Secretary of State Hillary Rodham Clinton, speaking at the NIH on Tuesday, “called on the world to create the first ‘AIDS-free generation’ by using antiviral drugs, condoms, circumcision and other approaches to stem the spread of HIV,” the Washington Post reports. “Taken together, mathematical models show that these strategies could significantly reduce the spread of the virus by another 40 percent to 60 percent, she said,” the newspaper writes (Stein, 11/8).
Programs, Funding & Financing
Global Fund Delays Closing Date For Round 11 Applications, Says Disbursements May Not Be Available Until 2013
The Global Fund to Fight HIV, TB and Malaria has delayed the closing date for applications for its next round of funding, reduced the estimated amount of money that will be available in that round, and potentially delayed the disbursement of the funds until 2013, PlusNews reports. “The delay in Round 11 funding was announced at the Fund’s latest board meeting on 26 September, the second such delay, which has pushed the application deadline back to at least 1 March 2012,” the news service notes.
Clinton Expected To Urge U.S., Other Countries To Intensify HIV/AIDS Prevention Efforts In Speech On Tuesday
In a speech to be delivered at the NIH, “Secretary of State Hillary Clinton is expected to call Tuesday for a new push by the U.S. and other countries to harness recent science to stem the HIV/AIDS pandemic,” the Wall Street Journal reports. She is expected to call for preventive tools “to be widely implemented in countries where the pandemic continues to rage, and to ask donors to step up aid to intensify the response, according to people briefed on the speech,” the newspaper writes.
“South Korea on Tuesday authorized the World Health Organization [WHO] to resume distribution of Seoul-funded medical aid to North Korea, amid growing calls for humanitarian assistance for malnourished North Korean children,” the New York Times reports (Sang-Hun, 11/8). “Seoul has authorized the WHO to release $6.94 million to equip hospitals in the North, said the official of the unification ministry, which handles cross-border ties,” Agence France-Presse writes. “Seoul decided to unblock its WHO funding ‘by taking into account its stance of maintaining its humanitarian aid for infants, children and other vulnerable people in the North, and the WHO’s request,’ [a South Korean] ministry official said on condition of anonymity,” AFP notes (11/8).
In his Foreign Policy column, “The Optimist,” Charles Kenny, a senior fellow at the Center for Global Development and a Schwartz fellow at the New America Foundation, responds to a speech to G20 leaders last week by Bill Gates, co-chair of the Bill & Melinda Gates Foundation, in which he “suggested that a financial transactions tax, alongside additional taxes on tobacco and carbon, could be used to help rich countries meet a global target of committing 0.7 percent of GDP to development aid.” Kenny writes, “The outlook is particularly grim in the United States, where traditional aid is on the congressional chopping block,” but “[t]he good news is that the United States (and, for that matter, everyone else) could be doing a lot more for development without spending more money — and in some cases even saving it.”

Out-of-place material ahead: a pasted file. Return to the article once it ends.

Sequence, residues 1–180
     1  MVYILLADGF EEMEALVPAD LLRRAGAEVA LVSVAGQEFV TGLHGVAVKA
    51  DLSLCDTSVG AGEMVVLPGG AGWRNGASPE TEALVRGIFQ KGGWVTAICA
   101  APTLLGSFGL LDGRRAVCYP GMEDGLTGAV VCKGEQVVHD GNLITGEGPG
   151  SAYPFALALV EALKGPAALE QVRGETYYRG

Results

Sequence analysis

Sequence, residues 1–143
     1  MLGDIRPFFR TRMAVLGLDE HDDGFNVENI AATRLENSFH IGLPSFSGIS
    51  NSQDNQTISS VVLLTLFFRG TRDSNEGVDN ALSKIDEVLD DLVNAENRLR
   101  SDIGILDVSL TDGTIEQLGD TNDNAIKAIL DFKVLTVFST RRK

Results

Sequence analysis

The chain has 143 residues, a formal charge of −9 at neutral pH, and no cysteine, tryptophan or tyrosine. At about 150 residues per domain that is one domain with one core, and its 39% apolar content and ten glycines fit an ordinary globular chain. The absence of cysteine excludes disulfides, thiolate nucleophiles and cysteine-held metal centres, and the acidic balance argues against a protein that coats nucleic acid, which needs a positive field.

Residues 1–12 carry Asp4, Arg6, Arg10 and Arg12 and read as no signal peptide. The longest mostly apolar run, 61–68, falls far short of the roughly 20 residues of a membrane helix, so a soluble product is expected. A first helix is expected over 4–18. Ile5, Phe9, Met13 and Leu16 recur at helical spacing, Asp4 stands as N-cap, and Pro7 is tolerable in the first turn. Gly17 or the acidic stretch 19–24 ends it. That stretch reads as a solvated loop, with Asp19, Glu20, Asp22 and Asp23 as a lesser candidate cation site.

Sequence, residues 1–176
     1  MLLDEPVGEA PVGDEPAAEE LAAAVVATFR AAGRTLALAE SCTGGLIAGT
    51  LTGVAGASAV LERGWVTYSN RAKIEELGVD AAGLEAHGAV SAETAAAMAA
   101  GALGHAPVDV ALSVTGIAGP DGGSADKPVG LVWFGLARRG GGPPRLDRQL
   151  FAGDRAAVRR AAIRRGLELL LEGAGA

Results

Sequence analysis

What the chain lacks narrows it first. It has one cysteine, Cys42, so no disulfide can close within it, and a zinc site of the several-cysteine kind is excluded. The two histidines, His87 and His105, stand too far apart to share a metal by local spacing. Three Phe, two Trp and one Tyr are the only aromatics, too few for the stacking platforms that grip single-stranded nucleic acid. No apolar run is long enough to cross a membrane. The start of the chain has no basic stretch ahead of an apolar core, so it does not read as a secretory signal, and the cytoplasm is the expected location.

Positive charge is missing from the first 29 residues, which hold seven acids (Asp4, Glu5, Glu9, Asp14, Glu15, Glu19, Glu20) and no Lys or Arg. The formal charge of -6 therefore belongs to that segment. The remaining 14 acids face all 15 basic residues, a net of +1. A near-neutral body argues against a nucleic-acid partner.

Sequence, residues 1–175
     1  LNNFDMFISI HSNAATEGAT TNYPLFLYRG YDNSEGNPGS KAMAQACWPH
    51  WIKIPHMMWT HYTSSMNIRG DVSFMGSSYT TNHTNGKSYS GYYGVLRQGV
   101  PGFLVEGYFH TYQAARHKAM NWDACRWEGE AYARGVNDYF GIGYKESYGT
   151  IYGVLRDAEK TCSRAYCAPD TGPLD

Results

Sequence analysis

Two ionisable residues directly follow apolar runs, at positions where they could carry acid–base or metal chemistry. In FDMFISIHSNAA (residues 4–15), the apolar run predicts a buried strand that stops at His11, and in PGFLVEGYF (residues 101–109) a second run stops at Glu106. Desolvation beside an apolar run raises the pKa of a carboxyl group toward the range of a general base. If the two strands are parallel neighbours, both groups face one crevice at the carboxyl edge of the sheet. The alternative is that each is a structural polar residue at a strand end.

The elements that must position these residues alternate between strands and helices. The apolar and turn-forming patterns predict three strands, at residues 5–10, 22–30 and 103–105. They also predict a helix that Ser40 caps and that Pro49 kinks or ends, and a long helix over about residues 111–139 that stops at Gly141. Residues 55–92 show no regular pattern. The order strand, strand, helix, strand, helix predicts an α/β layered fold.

A Minnesota Daily editorial writes that a proposed nine percent cut in U.S. global health program funding “would drastically slow … progress and hurt development and advancement in other countries,” adding that “investing in the development of poor countries is good for everyone involved. When there are more highly educated, healthy countries, there is more prosperity for all.”
The GAVI Alliance has “announced a major new initiative aimed at engaging private sector leaders: the GAVI Matching Fund,” through which “the British Government’s Department for International Development (DFID) and the Bill & Melinda Gates Foundation will provide a 100 percent match of contributions to GAVI from corporations and foundations as well as their customers, members and employees,” Bill Roedy, former CEO of MTV Networks and a GAVI Alliance envoy, writes in a post on the Huffington Post’s “Impact” blog. “Together, DFID and the Gates Foundation have pledged $130 million to support this effort, which means there’s the potential to generate $260 million for global childhood immunization efforts,” he notes.
The November 21 cover story of Forbes magazine profiles Bill Gates, Microsoft founder and co-chair of the Bill & Melinda Gates Foundation, which has focused its global health efforts on vaccine development and distribution, according to the article (11/21). Forbes also features an audio interview with article author Matt Herper, conducted by Managing Editor Tom Post, about Herper’s interview of Gates (11/4).
GlobalPost’s “Global Pulse” blog reports on the addition of 21 countries to the original group of eight Global Health Initiative (GHI) countries in a second round of selections. The Obama administration has “review[ed] detailed plans from each on main strategies and goals,” according to U.S. officials, the blog reports. The blog writes, “Unlike the U.S. President’s Emergency Plan for AIDS Relief (PEPFAR), GHI’s plan from the start was to spread its principles of better integration of programs and expanding into new health areas as quickly as possible.”
“In a report about financing for development delivered [Thursday] at the G20 Summit, Bill Gates, co-chair of the Bill & Melinda Gates Foundation, urged leaders to commit to increasing the pool of resources dedicated to development, or risk causing irreparable damage to the livelihoods of millions of the poorest people,” a Gates Foundation press release states (11/3). “Gates’ report to G20 leaders, whose countries account for 85 percent of the global economy, suggests they can raise over $250 billion (180 billion euros), a modest part of which could accelerate the development of poor countries,” Agence France-Presse reports (11/3).